If not one more romantic weeper is put on film this millennium, "Sweet November" will still have kept the genre afloat. A remake of a largely forgotten 1968 drama starring Anthony Newley and Sandy Dennis, it hauls out every heart-tugging trick in the book.
Brace yourself for: tearful confessions! Adorable kids! Cross-dressing neighbors! Wistful, memory-laden montages! Cute dogs and cats!
Not convinced? How about an insufferably zany couple? Or what may be the worst performance yet by Keanu Reeves, if such a thing is possible to chart?
Reeves plays Nelson Moss, a hard-driven advertising executive with no time for love in his life. True, he has a girlfriend, but he seems to keep her around solely to relieve his sexual tension as he prepares for another assault on the conference rooms of America.
Reeves fits this archetype no better than Nicolas Cage did in The Family Man. Throwing his shoulders back, he lowers his voice a few notes past its normal rumble to emit such grown-up announcements as "This account is very important to me!" As macho caricatures go, he's just this side of The Tick.
When a hot-dog manufacturer rejects Nelson's proposal for a distinctly Freudian ad campaign, he becomes incensed at the client's lack of vision. Their argument escalates until Nelson has to be physically restrained. (Just like Al Pacino!) As a result, he loses his job, his company car and his sweetie -- all in the same day. So Nelson is easy prey for Sara Deever (Charlize Theron), a mystery woman he meets at the Department of Motor Vehicles.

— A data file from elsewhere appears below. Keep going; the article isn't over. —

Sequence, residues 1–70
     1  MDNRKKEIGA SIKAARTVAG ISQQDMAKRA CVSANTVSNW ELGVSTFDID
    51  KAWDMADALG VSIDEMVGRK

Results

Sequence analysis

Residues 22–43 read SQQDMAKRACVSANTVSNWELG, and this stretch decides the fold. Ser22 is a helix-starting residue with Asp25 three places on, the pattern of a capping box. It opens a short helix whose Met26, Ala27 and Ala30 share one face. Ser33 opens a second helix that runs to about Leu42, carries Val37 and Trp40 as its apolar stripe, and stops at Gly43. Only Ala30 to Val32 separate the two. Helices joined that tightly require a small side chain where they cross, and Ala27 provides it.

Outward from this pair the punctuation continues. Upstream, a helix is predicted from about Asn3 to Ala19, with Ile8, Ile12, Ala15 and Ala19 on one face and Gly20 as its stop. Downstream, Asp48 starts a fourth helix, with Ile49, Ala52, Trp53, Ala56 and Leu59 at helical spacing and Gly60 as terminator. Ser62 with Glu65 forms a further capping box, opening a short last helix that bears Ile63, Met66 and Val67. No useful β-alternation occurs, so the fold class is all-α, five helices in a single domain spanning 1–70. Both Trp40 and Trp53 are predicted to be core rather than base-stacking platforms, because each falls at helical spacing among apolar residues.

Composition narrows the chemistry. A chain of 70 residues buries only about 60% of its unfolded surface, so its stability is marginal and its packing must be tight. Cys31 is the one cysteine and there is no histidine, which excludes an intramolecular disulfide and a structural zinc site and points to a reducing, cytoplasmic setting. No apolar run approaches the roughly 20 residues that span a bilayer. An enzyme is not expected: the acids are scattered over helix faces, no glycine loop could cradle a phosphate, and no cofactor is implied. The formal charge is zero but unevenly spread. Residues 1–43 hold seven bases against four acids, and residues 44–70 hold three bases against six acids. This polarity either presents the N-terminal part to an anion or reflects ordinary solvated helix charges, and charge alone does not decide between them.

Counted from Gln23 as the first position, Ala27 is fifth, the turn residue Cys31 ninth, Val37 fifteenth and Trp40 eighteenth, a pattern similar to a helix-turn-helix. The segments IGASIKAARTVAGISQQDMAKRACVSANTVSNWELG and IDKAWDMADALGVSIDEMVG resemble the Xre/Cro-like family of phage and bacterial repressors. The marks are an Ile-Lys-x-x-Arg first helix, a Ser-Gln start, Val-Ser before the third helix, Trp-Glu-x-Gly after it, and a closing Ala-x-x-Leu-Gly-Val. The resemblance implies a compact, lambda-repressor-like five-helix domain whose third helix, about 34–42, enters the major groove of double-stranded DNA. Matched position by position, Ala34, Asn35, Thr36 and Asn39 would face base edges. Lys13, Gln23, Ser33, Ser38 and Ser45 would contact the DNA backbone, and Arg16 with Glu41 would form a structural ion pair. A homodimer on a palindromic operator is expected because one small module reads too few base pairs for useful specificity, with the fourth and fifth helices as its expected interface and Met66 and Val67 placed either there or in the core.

We know that Sara is a free spirit, because her wardrobe makes copious use of scarves and work boots. Unemployed by choice, she spends her time rescuing animals, preparing vegan dishes and taking neighbor kids to toy-boat regattas.
Following a line of argument that should make sense to no one, Sara browbeats Nelson into moving into her funky apartment for one month. In that time, she promises to cure him of his stress-junkie ways and make him appreciate the world anew. As a bonus, they immediately begin to have sex. "I'll never lie to you," Sara promises, though she does give his clothes away to the homeless. In movies, this is considered disarming behavior; in real life, it's called "being bipolar."
Underneath it all, Sara has a reason for her gamboling -- a hackneyed reason we see coming a mile away, but a reason nonetheless. What counts is that Nelson can't see it, making his motivation impenetrable as he and Sara shuttle from one adventure to another. He must have missed the Sandy Dennis version, too.
Unlike Reeves, Theron is mildly interesting for 30 minutes or so -- mainly because it takes us that much time to decide if she's genuinely sympathetic or merely has nice eyebrows. (It's the latter.) The only true high point is Greg Germann's role as Vince, Nelson's sexist buddy. While Vince is a toned-down variation of Germann's Richard Fish on TV's "Ally McBeal," it's still fun to hear him spew wicked aspersions and sleazy pick-up lines. "You look great in that smock," he tells a coffee vendor.
Director Pat O'Connor demonstrated a fair sensitivity in the Irish dramas "Circle of Friends and Dancing at Lughnasa," but none of that taste is evident here. At least he doesn't ask Reeves to impersonate a man o' the green.
One star for Germann. Half a star for the dogs and cats, who are very believable as dogs and cats. And for Reeves, an embroidered pillow bearing the movie's most salient line of dialogue: "People tend to enjoy what they're really good at." Think how miserable he must be.